In turning back to the original intent of the founders, the thought process behind the election process of the legislature and president was to avoid rule by democracy and establish and maintain a constitutional representative form of government which was governed by men of principle, who would, hopefully, uphold the constitutional mandates they took an oath to uphold, and avoid rule by the popular sentiment of the people. At least, that was the plan. Today, unless you are brain dead, it is obvious that the plan, for the most part, has been successfully defeated, not as a matter of law, not as a matter of constitutional amendment, but rather, because of the ignorance of the people. As I was told  once when  discussing such important matters with family members  -- one person cared not what the law was, but only that what she wanted achieved by government, was achieved. Unfortunately, this is a sadly accurate commentary on the mind set of the masses today.

The above is not in any way an exhaustive explanation of all there is to know and consider in this matter.  But there is an important question which one must ask, and then answer, to be able to seek and support abolition of the electoral college. "Do you prefer rule by democracy, i.e., two wolves and a sheep deciding the menu, or do you prefer rule by a constitutional republic which is designed to protect individual rights, and not politically correct collectivism?" I guess your answer to that question will determine whether any information I submit to you in the future will be worth my time or effort to submit to you and/or have any value to you?   And, the beat goes on and on and on and . . . . . . . . . . .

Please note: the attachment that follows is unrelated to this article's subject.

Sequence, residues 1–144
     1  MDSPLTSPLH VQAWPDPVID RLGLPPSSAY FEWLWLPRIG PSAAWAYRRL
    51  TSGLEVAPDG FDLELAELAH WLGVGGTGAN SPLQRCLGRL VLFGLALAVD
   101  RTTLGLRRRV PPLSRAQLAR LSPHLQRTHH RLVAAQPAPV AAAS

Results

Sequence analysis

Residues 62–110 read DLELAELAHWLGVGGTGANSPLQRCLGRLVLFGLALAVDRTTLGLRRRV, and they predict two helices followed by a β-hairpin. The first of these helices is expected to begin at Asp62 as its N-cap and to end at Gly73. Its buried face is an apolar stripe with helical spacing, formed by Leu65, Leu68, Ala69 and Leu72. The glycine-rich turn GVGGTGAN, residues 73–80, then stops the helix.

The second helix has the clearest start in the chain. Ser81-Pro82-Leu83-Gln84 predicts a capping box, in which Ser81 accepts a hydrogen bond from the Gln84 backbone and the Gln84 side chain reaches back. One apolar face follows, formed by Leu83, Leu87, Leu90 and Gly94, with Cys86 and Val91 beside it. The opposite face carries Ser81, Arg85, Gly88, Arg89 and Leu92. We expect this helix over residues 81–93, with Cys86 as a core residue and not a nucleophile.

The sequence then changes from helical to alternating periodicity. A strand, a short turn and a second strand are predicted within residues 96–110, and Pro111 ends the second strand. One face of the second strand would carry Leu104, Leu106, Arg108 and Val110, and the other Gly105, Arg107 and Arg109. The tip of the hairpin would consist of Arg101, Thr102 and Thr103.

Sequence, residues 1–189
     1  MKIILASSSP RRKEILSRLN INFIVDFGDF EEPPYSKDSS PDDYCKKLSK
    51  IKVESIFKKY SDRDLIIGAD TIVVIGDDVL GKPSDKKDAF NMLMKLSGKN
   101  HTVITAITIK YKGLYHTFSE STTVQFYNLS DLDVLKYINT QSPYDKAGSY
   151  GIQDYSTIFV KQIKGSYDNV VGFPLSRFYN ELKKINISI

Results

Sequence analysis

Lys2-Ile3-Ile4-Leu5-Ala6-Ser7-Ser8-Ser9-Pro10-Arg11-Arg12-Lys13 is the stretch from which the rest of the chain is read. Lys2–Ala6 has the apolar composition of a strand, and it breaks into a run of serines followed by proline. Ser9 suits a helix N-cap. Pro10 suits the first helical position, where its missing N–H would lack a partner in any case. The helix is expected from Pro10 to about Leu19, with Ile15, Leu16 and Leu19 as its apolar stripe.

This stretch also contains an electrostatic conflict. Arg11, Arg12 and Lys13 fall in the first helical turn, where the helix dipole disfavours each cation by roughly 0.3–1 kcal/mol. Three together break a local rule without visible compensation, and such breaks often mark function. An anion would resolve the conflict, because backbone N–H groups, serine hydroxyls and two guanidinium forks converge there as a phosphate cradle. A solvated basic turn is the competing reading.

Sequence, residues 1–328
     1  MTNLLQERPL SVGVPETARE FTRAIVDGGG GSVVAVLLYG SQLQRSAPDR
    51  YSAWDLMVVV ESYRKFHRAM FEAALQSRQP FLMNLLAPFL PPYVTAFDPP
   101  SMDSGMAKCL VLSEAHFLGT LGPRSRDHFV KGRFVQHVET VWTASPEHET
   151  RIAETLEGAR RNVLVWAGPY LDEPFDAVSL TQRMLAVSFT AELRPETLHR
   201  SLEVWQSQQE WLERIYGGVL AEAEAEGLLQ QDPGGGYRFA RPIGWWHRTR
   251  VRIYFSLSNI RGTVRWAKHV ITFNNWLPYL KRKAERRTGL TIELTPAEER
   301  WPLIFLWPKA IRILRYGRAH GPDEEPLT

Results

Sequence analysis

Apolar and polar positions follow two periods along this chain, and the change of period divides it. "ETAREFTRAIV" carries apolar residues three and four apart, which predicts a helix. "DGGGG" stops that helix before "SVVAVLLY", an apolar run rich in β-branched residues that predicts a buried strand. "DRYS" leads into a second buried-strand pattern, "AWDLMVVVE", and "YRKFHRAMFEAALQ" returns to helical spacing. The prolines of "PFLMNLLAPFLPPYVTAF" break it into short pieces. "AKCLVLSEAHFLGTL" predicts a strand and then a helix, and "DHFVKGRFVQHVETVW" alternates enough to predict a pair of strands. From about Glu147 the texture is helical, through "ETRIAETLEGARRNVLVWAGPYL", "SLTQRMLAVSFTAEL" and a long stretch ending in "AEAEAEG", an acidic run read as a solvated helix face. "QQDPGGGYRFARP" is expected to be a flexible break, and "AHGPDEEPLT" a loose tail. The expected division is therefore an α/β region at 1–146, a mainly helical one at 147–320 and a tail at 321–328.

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 shawnoconnor.org                                                                                                          (Google) Shawn O’Connor/Federal Farmer


News Flash

Uncertainties of the Income Tax
(Courts At War with Themselves)

by Larry Becraft, Attorney

For several years now, a variety of high public officials have openly declared that the federal income tax laws are incredibly complex and need to be either substantially revised or scrapped.   But after making such statements, these officials invariably fail to identify what  specific parts of  the tax laws suffer from this condition, choosing instead to conceal them. Are the objectionable parts of the federal tax code secretly and quietly discussed behind closed Congressional committee doors? If they are, why doesn't someone inform the American public of these deficiencies so that they may likewise participate in this debate? Is it possible that it is the major and not various minor features of the tax laws which are complex, even uncertain? Is it possible that these major features are so fundamentally flawed that they simply cannot be repaired? If so, what is the legal consequence of this complexity?